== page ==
Evidence about that HJ starts in Paul's epistles:

From http://historical-jesus.info/

When eyewitnesses were still alive, Paul wrote about a minimal Jesus (but also, for Paul, pre/post-existent as a heavenly deity) who, from "Israelites, ... whose [are] the fathers, and of whom [is] the Christ, according to the flesh ..." (Ro9:4-5 YLT) and "come of a woman, come under law" (Gal4:4 YLT) (as a descendant of (allegedly) Abraham (Gal3:16), Jesse (Ro15:12) & David (Ro1:3)), "found in appearance as a man" (Php2:8) "in the likeness of sinful flesh" (Ro8:3), "the one man, Jesus Christ" (Ro5:15) (who had brothers (1Co9:5), one of them called "James", whom Paul met (Gal1:19)), "humbled himself" (Php2:8) in "poverty" (2Co8:9) as "servant of the Jews" (Ro15:8) and "was crucified in weakness" (2Co13:4) in "Zion" (Ro9:31-33 & Ro11:26-27).

No wonder Paul kept away from that real HJ and concentrated on "Christ crucified" and his theology/christology on the (alleged and invented) heavenly Jesus prior to his incarnation and mostly after his alleged resurrection. That the hoax part, started by others earlier ones and then amplified by Paul and 'Hebrews' & his author. King of the Jews was replaced by Christ (there is considerable overlap in the OT about these two titles) which was acceptable for Gentiles.

And evidence from non-Christians comes from Josephus' Antiquities (about James, the brother of Jesus called Christ) and Tacitus' Annals.

That's a lot of pieces of evidence for a mythicist to eliminate, without calling for a big plot theory.

Cordially, Bernard
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MrMacSon
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Re: NTJ != HJ, ∴ no evidence of HJ?

Post by MrMacSon »

Peter Kirby wrote: Fri Apr 30, 2021 4:03 pm This is me trying to be civil, actually.
No it's not Peter, it's you leading someone down the garden path for a gotcha ...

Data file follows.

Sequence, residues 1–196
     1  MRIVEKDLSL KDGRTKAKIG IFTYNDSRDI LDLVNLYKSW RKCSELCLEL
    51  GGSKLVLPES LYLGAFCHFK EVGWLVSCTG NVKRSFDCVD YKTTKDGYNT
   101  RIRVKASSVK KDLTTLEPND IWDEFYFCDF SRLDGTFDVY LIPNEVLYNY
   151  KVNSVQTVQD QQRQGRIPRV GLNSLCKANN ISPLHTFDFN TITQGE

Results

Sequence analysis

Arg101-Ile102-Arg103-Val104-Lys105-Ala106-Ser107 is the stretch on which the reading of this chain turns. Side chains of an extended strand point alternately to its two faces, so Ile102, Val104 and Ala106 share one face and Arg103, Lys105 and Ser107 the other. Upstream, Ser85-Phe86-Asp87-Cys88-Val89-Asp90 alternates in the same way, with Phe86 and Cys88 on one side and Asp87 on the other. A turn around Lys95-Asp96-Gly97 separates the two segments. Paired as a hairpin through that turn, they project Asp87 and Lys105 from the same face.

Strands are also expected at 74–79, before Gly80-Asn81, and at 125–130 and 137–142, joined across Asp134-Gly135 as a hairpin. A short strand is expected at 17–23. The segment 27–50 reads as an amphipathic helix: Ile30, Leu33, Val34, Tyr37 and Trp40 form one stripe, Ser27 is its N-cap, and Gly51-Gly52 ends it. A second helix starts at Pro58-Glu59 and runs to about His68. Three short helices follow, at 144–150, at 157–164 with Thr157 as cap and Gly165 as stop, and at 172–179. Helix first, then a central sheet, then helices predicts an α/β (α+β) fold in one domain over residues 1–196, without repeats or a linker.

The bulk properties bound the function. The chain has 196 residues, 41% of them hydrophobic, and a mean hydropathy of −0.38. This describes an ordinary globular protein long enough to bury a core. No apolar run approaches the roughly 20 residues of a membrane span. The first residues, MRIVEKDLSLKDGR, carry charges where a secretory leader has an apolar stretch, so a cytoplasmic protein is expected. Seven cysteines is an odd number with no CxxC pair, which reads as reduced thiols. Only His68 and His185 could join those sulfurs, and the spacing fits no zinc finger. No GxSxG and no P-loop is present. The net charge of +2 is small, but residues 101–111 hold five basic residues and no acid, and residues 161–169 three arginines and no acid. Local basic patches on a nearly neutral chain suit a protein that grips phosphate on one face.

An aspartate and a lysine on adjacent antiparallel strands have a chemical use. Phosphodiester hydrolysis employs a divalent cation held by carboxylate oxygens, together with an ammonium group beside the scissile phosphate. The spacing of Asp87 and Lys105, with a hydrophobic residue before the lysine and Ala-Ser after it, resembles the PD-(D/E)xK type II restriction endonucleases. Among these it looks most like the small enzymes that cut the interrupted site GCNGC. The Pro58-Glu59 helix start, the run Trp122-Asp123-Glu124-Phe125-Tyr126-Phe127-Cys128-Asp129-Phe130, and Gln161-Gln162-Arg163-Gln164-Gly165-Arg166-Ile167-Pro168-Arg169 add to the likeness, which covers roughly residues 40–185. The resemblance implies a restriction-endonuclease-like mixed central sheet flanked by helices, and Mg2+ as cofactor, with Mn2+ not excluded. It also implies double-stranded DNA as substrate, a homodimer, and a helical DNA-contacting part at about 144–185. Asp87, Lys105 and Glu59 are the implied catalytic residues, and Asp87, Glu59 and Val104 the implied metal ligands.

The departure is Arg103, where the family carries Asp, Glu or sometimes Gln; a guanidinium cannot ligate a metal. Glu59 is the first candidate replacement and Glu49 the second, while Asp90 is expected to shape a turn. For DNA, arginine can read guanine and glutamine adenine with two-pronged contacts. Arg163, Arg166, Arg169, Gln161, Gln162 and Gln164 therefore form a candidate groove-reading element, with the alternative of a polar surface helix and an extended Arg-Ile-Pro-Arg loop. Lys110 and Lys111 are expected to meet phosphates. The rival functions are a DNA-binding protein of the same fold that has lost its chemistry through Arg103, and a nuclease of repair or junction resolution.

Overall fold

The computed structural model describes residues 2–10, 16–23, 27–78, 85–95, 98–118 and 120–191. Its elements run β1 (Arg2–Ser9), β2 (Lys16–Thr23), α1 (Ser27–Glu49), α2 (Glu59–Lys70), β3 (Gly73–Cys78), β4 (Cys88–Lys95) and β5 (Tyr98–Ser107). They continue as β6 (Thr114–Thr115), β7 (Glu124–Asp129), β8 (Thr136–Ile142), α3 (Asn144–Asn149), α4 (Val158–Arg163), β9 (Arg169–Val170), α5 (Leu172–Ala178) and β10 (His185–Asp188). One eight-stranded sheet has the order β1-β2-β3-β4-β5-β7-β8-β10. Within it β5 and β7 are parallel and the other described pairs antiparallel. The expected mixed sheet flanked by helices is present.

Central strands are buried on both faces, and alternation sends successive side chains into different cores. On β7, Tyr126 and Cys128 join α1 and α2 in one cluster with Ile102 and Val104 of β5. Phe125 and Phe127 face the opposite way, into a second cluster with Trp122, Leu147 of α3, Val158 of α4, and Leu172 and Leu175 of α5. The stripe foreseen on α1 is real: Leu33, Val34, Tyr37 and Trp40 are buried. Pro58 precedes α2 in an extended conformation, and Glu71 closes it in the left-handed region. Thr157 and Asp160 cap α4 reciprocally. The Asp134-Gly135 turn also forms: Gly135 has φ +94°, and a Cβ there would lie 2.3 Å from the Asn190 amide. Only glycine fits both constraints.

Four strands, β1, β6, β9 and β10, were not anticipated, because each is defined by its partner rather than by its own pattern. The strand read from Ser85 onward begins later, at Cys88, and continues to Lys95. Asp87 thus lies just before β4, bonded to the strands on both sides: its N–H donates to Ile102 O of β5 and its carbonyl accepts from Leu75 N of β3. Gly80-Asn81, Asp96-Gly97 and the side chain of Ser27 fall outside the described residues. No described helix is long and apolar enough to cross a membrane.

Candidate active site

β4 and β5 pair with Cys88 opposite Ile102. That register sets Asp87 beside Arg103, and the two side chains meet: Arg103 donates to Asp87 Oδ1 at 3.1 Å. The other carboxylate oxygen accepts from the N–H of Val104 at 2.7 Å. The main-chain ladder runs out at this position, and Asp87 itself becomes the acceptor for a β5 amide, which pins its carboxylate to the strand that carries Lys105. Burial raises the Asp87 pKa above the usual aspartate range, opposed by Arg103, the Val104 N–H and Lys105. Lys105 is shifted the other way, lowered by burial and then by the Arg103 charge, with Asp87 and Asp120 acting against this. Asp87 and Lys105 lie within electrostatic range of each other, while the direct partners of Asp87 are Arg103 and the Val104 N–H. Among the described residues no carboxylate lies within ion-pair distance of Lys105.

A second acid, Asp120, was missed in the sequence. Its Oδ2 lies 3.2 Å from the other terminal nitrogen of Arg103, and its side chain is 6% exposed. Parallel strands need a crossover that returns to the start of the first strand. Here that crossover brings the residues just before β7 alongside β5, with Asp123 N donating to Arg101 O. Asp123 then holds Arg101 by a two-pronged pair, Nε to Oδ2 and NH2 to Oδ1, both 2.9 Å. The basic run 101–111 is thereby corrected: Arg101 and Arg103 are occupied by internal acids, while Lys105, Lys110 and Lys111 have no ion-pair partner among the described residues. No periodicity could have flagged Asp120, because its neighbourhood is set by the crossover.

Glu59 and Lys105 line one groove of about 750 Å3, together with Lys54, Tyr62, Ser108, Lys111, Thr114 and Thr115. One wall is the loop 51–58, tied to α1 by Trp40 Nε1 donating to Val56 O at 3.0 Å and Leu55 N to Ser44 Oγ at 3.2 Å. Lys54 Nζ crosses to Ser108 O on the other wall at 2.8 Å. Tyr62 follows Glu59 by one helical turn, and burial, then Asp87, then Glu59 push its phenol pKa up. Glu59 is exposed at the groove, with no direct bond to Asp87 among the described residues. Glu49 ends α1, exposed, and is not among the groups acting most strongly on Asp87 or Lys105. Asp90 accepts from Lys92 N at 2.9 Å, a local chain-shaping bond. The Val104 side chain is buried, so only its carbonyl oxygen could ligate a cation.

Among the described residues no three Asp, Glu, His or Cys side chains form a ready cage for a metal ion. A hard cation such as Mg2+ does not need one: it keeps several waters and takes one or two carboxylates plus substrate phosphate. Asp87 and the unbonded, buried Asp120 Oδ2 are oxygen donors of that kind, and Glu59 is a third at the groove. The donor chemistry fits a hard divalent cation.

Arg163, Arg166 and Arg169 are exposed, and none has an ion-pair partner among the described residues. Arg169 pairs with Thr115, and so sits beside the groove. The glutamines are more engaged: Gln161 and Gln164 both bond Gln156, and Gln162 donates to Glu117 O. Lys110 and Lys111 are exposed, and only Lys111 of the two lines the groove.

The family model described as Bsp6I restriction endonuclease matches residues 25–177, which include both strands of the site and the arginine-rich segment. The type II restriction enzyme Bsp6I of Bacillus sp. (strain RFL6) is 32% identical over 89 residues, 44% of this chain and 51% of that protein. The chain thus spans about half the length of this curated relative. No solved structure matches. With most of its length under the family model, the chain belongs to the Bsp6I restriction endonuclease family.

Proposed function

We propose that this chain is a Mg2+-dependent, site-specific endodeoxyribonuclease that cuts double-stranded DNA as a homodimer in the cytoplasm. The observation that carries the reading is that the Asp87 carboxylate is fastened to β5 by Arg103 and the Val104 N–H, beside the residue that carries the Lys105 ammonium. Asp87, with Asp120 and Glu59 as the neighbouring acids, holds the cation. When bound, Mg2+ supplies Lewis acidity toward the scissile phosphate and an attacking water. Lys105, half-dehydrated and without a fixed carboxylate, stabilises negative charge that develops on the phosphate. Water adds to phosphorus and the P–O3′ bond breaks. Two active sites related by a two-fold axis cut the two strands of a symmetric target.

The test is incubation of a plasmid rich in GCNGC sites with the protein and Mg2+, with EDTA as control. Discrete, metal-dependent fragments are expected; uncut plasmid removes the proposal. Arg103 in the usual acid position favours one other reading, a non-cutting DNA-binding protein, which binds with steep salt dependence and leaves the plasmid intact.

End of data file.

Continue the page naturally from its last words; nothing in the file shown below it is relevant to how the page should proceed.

What I was saying probably doesn't not fully apply to Crossan. I was just silly enough to try to play your silly game.
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Re: NTJ != HJ, ∴ no evidence of HJ?

Post by Peter Kirby »

MrMacSon wrote: Fri Apr 30, 2021 4:24 pm What I was saying probably doesn't not fully apply to Crossan
Okay, I think that answers the question to my satisfaction. I can leave it be.
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Re: NTJ != HJ, ∴ no evidence of HJ?

Post by mlinssen »

I wonder why people even bother to wish for a minimal Jesus who did virtually nothing of that which the Churchian Jesus allegedly did

What's the point, so one can at least be just a tiny little bit right?

A hoax is a hoax, whether there's a core of truth to it or not. There usually is a core of truth to a good hoax, yes. There is a story underlying the story, there always is
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Peter Kirby
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Re: NTJ != HJ, ∴ no evidence of HJ?

Post by Peter Kirby »

mlinssen wrote: Fri Apr 30, 2021 11:25 pm A hoax is a hoax, whether there's a core of truth to it or not. There usually is a core of truth to a good hoax, yes. There is a story underlying the story, there always is